If you have crushed ice, add all the ingredients to the shaker with crushed ice, shake for six to eight seconds, pour into a tall glass and top with crushed ice. If you don’t, put everything in a blender with 6 oz. freeze and blend on high for five seconds. Garnish with a sprig of mint.


Photo: courtesy Bacardí

Recipe: Beach was notoriously paranoid about his recipes and even hid them from his own bartenders. He mixed his ingredients himself in secret, then gave them to his staff in code: ask a bartender at Don the Beachcomber how to make a zombie and he would reply, “Easy, take some spice #4, mix um with Rum Blend #2…” Because of this, the Zombie was lost, seemingly forever, until it was unearthed by tiki archaeologist Jeff “Beachbum” Berry circa 2005. So all of this for say we’re pretty sure we know what was in there, but there’s easily half a dozen zombies, all very different from each other, and it’s hard to say what’s correct or not . Above is the best we can say.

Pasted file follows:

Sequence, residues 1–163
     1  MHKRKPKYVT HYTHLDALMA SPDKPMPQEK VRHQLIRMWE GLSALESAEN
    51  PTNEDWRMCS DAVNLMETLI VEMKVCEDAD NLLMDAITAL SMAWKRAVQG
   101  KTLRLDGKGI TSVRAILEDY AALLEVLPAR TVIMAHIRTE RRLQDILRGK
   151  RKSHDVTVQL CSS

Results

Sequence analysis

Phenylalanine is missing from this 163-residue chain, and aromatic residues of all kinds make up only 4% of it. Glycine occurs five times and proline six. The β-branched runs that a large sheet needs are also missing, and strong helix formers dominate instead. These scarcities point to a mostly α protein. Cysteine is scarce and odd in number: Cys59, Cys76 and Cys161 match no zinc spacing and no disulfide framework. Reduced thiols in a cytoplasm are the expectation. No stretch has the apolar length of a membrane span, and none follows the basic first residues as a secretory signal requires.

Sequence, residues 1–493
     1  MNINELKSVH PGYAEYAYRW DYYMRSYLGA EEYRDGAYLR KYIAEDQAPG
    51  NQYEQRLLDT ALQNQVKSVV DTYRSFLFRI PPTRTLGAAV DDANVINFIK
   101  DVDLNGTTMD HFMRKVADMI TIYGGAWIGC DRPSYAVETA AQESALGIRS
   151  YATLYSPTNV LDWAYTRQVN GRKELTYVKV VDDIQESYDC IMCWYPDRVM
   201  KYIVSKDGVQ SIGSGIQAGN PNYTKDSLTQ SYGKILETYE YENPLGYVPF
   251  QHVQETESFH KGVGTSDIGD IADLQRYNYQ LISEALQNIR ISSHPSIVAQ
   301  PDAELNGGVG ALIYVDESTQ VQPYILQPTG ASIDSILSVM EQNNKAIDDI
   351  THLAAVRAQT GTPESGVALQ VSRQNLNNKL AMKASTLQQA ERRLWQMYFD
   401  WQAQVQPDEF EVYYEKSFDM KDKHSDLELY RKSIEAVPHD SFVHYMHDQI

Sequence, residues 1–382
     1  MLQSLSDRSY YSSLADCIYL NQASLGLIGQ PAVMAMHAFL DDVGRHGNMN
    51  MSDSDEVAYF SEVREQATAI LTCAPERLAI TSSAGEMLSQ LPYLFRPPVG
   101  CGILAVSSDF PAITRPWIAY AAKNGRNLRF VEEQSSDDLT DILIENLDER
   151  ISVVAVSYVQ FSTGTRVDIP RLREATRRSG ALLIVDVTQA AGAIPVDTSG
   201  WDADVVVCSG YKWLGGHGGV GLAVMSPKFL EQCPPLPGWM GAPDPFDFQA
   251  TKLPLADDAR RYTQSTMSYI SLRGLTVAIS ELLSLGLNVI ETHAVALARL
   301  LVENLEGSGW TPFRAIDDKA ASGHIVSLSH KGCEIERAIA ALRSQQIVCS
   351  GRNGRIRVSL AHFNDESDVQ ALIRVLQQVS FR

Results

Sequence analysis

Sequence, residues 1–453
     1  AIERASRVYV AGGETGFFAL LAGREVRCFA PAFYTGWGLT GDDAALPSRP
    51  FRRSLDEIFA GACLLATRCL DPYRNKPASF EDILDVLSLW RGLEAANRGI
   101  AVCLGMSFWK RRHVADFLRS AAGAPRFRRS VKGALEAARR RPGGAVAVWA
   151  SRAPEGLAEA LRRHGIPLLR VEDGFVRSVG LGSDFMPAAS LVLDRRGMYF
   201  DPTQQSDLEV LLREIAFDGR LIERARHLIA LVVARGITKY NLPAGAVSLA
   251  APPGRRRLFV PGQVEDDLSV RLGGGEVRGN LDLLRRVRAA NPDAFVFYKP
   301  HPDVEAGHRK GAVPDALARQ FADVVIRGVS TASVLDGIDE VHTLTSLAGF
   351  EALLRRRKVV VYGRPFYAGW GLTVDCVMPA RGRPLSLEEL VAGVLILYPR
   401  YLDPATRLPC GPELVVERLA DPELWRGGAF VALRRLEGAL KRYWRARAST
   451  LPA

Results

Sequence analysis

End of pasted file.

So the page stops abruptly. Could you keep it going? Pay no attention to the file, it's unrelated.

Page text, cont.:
Rum(s): It’s an exceptionally difficult drink to get exactly, and the secret to it is the variety and quantity of rum. If you’re not in the mood for something strong, I recommend choosing another drink. Not enough rum and this recipe tastes loaded and confusing – enough rum and the planets suddenly align.

Annoyingly, this requires three types of rum: a light aged rum (something like Plantation 5, Bacardi 8Don Q or similar), a funky Jamaican rum (Blacksmith & CrossHampden Estates or similar) and an overproof rum (OFTD planting, Hamilton’s Demerara 151 or similar). If the first two are strong enough, you can get away with using less of the latter. My advice if you’re feeling sheepish is to start with a lighter hand and add to taste.